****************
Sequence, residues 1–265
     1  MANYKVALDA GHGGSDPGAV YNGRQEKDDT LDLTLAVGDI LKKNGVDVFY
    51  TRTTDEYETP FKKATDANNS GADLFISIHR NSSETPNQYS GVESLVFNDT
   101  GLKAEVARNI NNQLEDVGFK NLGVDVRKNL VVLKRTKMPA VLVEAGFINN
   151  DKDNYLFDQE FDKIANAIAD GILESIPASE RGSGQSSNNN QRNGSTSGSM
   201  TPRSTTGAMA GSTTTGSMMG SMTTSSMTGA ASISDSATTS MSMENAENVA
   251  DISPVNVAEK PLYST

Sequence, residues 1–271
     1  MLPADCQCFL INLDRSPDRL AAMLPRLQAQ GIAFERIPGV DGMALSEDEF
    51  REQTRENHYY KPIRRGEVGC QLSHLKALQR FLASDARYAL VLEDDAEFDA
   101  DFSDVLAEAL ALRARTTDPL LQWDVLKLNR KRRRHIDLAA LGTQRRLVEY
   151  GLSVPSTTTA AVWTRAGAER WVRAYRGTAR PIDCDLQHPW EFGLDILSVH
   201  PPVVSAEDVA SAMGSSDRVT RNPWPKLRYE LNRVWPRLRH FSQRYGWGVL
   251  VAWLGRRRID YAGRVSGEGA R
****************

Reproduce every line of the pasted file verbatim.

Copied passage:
Sequence, residues 1–265
     1  MANYKVALDA GHGGSDPGAV YNGRQEKDDT LDLTLAVGDI LKKNGVDVFY
    51  TRTTDEYETP FKKATDANNS GADLFISIHR NSSETPNQYS GVESLVFNDT
   101  GLKAEVARNI NNQLEDVGFK NLGVDVRKNL VVLKRTKMPA VLVEAGFINN
   151  DKDNYLFDQE FDKIANAIAD GILESIPASE RGSGQSSNNN QRNGSTSGSM
   201  TPRSTTGAMA GSTTTGSMMG SMTTSSMTGA ASISDSATTS MSMENAENVA
   251  DISPVNVAEK PLYST

Sequence, residues 1–271
     1  MLPADCQCFL INLDRSPDRL AAMLPRLQAQ GIAFERIPGV DGMALSEDEF
    51  REQTRENHYY KPIRRGEVGC QLSHLKALQR FLASDARYAL VLEDDAEFDA
   101  DFSDVLAEAL ALRARTTDPL LQWDVLKLNR KRRRHIDLAA LGTQRRLVEY
   151  GLSVPSTTTA AVWTRAGAER WVRAYRGTAR PIDCDLQHPW EFGLDILSVH
   201  PPVVSAEDVA SAMGSSDRVT RNPWPKLRYE LNRVWPRLRH FSQRYGWGVL
   251  VAWLGRRRID YAGRVSGEGA R